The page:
Apple's Mac Pro Turnaround Could Point To A New Way Of Thinking On iPad

Apple very rarely admits to being wrong on anything. The iPhone sticking to tiny screens when the world wanted big screens being a perfect example of stubborness in the face of overwhelming customer feedback.

For too long the Mac Pro has been a similar example. Launched in 2013 at WWDC, the Mac Pro showcased a clever heat dissapation design and a significantly smaller form factor than other professional level workstations.

Phil Schiller was so confident in what had been created that he famously retorted "Can't innovate any more my ass" in response to the criticism Apple was receiving in relation to some tame product launches.

The problem was Professional users didn't want a shiny black trashcan on their desks. What they wanted was speed, upgradeability and more speed. The Mac Pro didn't deliver. Initially the murmer of discontent was limited to customers and a few reviews, but very soon a consensus was reached, even amongst pro-Apple blogs.

The Mac Pro was a broken product.

Last week Apple admitted as such to its favoured bloggers. The design for heat dissapation made it difficult for Apple to upgrade the box, the design itself prevented the upgrade of components and as a result professional customers were abandoning Macs for PCs.

Apple offered a minor speed bump and the promise of a future Mac Pro with all the qualities of the previous Mac Pro - modularity, speed and upgradeability.

So if Apple can listen to professional users (albeit belatedly) will it also listen to iPad customers?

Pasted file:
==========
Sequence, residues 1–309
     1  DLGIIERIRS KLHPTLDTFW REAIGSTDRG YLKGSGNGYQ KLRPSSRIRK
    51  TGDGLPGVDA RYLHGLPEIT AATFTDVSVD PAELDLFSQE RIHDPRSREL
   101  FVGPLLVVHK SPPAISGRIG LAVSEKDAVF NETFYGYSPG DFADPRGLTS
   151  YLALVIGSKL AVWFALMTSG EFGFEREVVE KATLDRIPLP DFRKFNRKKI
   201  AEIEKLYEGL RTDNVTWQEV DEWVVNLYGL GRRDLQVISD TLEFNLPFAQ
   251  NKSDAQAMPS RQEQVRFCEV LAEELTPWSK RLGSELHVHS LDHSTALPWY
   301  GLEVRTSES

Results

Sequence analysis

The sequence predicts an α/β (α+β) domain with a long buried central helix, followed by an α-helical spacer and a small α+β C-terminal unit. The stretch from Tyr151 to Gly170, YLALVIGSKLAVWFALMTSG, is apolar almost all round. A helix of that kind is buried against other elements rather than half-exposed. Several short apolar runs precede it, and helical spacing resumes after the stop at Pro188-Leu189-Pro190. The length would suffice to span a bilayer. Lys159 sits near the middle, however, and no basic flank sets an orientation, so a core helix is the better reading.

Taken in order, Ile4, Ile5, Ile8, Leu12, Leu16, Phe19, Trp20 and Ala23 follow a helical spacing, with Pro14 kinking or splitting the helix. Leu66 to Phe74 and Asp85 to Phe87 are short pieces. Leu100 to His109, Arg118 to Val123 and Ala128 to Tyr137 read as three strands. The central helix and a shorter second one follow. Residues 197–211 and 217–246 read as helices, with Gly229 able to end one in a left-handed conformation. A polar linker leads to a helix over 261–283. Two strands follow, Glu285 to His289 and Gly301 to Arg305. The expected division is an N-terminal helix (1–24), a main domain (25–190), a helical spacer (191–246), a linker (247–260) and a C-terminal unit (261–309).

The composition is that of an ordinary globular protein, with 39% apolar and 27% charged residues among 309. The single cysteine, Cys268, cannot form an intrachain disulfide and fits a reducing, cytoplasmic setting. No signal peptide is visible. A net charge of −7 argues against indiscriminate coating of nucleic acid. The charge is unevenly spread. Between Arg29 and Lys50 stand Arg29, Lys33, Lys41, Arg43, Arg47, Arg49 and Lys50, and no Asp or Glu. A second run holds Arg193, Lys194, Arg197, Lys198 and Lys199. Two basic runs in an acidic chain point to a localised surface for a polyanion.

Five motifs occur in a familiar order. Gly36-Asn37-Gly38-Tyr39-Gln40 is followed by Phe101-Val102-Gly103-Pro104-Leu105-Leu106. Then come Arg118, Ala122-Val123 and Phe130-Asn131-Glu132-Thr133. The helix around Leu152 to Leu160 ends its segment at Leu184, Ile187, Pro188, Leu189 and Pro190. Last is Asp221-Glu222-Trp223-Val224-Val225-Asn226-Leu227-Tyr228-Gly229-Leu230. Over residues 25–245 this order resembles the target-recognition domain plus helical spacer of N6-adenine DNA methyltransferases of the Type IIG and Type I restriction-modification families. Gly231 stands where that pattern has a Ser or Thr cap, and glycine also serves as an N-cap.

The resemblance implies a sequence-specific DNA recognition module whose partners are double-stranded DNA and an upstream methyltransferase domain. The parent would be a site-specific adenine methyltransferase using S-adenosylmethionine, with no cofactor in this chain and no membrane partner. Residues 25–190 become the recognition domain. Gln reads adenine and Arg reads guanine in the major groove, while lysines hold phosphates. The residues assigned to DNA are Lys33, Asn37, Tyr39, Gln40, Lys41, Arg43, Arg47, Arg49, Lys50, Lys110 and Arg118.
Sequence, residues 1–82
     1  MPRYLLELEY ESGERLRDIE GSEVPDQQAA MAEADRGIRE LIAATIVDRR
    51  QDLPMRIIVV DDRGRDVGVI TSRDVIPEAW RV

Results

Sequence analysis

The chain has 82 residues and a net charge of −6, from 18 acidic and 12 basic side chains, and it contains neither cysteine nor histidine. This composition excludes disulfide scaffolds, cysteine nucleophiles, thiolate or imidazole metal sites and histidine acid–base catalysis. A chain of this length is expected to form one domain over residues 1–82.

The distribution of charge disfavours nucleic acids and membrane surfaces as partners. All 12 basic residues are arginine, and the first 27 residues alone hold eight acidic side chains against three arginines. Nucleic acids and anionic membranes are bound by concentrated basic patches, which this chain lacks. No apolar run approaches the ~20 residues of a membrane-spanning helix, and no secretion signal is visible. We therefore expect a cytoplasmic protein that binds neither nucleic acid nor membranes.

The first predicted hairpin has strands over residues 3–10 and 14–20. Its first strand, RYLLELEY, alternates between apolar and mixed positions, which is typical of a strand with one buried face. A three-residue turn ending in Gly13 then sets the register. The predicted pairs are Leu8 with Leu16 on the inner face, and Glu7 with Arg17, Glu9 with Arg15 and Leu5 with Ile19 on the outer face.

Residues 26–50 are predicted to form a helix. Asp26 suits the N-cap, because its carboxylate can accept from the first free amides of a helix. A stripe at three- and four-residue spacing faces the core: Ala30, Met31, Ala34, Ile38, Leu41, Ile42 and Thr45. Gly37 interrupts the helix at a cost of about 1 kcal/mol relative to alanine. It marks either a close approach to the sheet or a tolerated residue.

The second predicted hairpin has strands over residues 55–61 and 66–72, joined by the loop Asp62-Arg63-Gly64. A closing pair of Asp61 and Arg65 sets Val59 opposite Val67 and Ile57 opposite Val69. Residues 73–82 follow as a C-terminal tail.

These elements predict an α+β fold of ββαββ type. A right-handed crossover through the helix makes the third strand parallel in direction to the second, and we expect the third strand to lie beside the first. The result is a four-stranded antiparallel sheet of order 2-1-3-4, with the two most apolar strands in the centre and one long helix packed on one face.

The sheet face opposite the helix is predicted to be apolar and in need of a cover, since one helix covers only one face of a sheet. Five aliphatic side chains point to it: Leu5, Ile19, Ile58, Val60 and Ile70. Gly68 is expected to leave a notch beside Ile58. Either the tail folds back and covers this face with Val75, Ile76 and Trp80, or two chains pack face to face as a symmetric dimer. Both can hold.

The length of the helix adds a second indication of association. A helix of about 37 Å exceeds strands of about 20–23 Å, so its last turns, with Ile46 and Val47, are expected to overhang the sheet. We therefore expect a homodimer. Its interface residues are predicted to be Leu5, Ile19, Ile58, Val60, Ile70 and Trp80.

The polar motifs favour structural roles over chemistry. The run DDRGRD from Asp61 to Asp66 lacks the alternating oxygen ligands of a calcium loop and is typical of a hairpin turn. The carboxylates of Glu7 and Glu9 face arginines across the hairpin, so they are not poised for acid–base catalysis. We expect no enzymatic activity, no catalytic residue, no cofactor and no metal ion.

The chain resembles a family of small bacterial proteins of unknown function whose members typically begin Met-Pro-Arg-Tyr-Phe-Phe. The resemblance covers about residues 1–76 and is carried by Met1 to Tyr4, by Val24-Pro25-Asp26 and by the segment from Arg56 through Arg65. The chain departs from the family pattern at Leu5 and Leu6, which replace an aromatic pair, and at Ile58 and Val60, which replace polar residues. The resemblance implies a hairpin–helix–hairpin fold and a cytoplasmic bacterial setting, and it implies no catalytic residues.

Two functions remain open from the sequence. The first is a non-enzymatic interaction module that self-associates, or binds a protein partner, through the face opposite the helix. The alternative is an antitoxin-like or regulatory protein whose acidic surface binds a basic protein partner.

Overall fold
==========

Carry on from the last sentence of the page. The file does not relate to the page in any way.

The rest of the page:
iPad sales have fallen off a cliff in recent years - and Apple's languauge has been much the same as it was when talking about the Mac Pro up until last week - and whatever Apple has done hasn't really worked.

The new iPad unveiled last week suggests Apple might be changing tack with its tablet line too. It's cheaper for a start, targeting the tablet market middle ground where Apple hasn't been active before

That's a sticking plaster though. The tablet market isn't growing any more. Take out Windows hybrid sales and its actually shrinking. So capturing more market share by dropping the entry level price isn't going to fix the wider problem, which is that Apple needs a MacBook / iPad hybrid device.

With Apple having demonstrated a new willingness to listen to the needs of their customers perhaps we can be a little more confident that such a device is in the making.


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